The oldest part of Newcastle is the Quayside, which was until the nineteenth century, the commercial hub of all Tyneside. Most historical of the buildings in this area of the town are the keep of the Norman castle and the adjacent fourteenth century church of St Nicholas with its famous lantern tower. Until the onset of Victorian developments these two buildings were the two most prominent buildings in the townscape of Newcastle upon Tyne.
In 1882 when the diocese of Newcastle was created from the northern portion of the diocese of Durham, St Nicholas church became a cathedral-church and Newcastle subsequently gained the title of a city. However for most of its history Newcastle has been a town and despite its Victorian rise in status, Newcastle is still commonly known to its residents as `The Toon’.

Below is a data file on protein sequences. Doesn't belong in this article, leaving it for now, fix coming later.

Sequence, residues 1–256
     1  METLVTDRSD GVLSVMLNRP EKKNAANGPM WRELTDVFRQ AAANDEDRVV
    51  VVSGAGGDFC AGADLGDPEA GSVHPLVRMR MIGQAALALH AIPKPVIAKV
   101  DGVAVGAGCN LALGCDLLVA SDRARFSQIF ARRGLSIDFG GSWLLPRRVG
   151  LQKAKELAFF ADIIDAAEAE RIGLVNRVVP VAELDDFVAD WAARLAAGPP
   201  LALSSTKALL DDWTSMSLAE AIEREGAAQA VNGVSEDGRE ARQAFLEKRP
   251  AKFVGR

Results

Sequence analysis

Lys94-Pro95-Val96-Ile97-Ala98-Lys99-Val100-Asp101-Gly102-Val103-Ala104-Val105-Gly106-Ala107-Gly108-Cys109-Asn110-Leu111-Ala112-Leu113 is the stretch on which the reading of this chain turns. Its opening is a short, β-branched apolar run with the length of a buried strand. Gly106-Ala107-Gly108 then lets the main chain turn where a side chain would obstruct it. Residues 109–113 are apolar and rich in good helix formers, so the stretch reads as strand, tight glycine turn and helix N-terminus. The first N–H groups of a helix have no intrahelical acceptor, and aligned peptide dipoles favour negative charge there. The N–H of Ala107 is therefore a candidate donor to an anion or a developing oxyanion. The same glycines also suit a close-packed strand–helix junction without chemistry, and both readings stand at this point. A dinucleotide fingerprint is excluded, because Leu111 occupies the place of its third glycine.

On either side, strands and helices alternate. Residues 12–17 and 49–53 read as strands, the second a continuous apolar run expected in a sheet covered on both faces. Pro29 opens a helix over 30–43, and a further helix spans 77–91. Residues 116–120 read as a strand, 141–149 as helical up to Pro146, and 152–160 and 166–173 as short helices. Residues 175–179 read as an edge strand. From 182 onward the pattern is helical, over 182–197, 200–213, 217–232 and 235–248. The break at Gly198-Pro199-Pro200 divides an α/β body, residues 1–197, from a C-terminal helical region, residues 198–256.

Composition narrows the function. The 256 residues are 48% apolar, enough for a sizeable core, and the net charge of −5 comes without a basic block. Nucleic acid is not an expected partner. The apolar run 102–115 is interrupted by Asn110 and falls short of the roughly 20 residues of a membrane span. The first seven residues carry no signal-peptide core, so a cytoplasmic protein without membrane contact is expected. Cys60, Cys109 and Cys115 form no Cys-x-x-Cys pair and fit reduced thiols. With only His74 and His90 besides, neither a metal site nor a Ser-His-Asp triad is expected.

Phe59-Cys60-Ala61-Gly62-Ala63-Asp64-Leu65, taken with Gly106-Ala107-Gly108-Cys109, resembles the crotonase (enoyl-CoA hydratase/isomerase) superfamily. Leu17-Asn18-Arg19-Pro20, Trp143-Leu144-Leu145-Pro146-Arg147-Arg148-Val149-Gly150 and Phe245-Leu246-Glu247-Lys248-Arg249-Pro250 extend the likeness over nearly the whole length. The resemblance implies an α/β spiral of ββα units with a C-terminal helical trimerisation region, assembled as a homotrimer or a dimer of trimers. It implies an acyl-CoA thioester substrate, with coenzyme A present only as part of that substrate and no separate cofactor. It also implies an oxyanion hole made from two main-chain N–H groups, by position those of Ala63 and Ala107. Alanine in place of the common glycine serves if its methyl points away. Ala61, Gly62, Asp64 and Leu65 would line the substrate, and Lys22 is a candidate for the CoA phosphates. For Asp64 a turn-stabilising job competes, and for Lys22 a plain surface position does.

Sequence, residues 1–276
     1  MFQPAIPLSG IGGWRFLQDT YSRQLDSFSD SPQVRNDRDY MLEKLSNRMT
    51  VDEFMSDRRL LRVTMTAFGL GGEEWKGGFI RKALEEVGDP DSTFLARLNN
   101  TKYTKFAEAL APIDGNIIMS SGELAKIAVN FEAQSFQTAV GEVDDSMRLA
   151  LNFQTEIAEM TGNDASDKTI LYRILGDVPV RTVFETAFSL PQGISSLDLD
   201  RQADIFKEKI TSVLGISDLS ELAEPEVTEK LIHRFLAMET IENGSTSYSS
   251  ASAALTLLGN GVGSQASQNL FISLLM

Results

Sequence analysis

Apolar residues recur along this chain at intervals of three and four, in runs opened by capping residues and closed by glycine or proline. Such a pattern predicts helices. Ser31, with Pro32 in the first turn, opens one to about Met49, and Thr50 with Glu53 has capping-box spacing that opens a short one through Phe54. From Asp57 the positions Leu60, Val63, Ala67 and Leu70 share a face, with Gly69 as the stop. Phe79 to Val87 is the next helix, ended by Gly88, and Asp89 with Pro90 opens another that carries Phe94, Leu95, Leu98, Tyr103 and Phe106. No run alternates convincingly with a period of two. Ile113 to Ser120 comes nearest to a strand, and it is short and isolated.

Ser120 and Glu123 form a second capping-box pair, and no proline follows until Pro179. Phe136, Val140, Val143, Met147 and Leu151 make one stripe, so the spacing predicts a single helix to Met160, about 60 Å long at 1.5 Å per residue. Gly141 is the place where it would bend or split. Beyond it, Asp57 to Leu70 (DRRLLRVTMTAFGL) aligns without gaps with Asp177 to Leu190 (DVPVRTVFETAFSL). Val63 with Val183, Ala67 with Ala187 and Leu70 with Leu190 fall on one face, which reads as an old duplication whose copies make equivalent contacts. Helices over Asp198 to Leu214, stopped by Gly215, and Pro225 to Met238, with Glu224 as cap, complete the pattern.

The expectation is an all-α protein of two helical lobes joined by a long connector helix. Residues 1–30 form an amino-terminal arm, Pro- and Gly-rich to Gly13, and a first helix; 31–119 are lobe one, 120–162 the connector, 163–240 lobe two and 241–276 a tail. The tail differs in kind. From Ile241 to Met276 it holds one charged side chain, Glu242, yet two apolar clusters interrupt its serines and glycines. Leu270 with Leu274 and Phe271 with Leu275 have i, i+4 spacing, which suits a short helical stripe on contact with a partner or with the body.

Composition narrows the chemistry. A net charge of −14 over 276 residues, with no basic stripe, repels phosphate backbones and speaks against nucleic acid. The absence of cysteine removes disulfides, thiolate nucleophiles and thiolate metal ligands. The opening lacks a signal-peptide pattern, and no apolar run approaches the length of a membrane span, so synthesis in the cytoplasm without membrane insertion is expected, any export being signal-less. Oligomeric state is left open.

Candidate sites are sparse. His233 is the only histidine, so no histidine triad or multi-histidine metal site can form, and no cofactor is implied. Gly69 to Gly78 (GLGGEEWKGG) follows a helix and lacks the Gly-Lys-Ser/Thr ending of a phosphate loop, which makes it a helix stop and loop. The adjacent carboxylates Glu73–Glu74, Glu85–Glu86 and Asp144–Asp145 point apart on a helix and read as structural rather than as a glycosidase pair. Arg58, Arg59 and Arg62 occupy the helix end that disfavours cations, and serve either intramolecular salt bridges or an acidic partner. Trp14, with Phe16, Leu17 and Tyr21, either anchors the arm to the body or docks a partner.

Staying on the Quayside not far from the cathedral is a road called the Sandhill where some of the oldest remaining houses of the Newcastle Quayside can still be seen. They date from the sixteenth to eighteenth centuries and were once occupied by wealthy Newcastle merchants.
In one of these houses there once lived a certain Bessie Surtees who in 1772 defied the wishes of her wealthy merchant father and secretly climbed from an upstairs window to elope with a humble young man called John Scott. Scott went on to become a wealthy peer, acquiring the barony of Eldon near Bishop Auckland and later in 1801 he became the Lord Chancellor of England.
Lord Eldon of course gives his name to Eldon Square, the modern commercial centre of Newcastle upon Tyne. Bessie Surtees’ house in Sandhill is marked by a plaque which commemorates the famous elopement.